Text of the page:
The other reason for doubt in viability is because they are used as a tick-box exercise, as is evident from the following quotes:

I don't find them that useful because they are very time consuming very elaborate format you know clicking through these things, they are just the tick box exercise. (Trainee 2, ST5)

However, in my view a lot of time this ends up as a tick box exercise and number crunching exercise with no real value in the sense that not quite sure what the trainees get out of it. (Trainer 5)


Theme 3: Difficulties/Pitfalls in Using Work-Based Assessments

The difficulties identified from the interview, with few important quotes, are shown in [Table 3]. This included lack of time to validate, late timing of validation, e-mail rather than face-to-face validation, variable quality of feedback, and lack of follow-up on feedback, tick-box exercise, importance in number than quality, and loss of accuracy.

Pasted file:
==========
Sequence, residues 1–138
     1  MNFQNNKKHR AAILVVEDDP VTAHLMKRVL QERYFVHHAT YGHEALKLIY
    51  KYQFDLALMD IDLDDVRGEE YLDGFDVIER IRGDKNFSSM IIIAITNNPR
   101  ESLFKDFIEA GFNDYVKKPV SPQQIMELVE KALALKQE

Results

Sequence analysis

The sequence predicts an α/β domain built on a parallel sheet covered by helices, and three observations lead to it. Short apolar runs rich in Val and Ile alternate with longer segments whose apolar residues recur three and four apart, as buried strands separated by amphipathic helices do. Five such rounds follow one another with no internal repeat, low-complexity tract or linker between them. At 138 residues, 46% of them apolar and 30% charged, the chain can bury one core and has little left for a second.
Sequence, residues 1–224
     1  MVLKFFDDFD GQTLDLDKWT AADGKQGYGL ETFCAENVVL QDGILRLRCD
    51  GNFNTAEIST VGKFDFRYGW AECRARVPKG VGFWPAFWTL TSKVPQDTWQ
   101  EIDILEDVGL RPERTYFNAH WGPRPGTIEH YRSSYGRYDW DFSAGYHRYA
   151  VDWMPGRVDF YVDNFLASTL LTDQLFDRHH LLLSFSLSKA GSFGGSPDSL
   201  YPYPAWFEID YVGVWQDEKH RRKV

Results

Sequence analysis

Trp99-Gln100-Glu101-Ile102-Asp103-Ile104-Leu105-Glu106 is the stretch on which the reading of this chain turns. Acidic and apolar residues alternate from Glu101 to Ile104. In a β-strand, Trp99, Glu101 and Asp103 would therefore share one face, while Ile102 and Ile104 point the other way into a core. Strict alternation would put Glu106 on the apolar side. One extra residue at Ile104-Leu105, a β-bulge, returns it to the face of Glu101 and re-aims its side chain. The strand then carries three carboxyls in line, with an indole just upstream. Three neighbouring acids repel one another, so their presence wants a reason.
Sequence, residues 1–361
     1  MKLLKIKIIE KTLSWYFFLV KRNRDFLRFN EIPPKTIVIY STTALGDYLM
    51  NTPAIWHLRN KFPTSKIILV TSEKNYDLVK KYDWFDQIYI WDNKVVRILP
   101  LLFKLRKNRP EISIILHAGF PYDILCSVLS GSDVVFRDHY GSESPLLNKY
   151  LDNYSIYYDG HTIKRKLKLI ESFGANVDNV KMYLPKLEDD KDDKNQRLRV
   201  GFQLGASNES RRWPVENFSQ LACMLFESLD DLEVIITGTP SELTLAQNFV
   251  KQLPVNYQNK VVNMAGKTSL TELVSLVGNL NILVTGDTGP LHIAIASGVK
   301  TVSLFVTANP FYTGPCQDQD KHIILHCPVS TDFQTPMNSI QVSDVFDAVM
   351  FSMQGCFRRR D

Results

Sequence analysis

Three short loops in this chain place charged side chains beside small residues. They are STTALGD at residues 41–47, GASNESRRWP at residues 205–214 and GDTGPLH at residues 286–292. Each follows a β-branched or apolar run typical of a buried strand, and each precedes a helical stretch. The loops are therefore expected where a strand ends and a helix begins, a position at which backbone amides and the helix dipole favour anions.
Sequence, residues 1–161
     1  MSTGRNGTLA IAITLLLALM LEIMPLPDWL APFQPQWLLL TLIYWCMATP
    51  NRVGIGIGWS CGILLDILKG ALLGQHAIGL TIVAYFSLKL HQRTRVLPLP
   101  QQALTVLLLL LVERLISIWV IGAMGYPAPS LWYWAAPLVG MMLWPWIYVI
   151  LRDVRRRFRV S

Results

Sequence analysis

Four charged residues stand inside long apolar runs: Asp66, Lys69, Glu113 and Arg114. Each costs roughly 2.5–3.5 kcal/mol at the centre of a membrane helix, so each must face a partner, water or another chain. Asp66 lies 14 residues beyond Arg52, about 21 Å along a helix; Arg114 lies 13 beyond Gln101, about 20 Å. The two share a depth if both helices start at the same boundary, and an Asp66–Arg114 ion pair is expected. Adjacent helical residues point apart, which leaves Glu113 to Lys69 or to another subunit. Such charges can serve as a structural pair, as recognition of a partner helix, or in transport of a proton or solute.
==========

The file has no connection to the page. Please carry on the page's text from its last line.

Table 3

Difficulties in using WBAs




Selected supporting quotes

Lack of time

Lack of time, job plan

Lack of time to validate

“I think the principle of sitting down and discussing in depth, in detail – a case is very good idea…once a week where the registrar brings a case where you sit down and discuss it. I never do that, and I don't have time to dedicate to that, I don't have that job planned, I don't have that available” (trainer 2)


Time required to validate

“Certainly, in my current job it would be very difficult to get the consultant to sit down with you and do these things nearly impossible. Uhm and also it's time consuming for everyone” (trainee 2, ST5)

Timing of validation

Late sending

E-mail sent late following the event

“But equally if they send you from 3 months later there is absolutely no desire to do it because you don't remember it…” (trainer 4)

No time limit

No time limit on the time from event to validation at present

“There is no restriction, they must do with in a certain time frame, and I think they are a bit more relaxed about it” (trainer 4)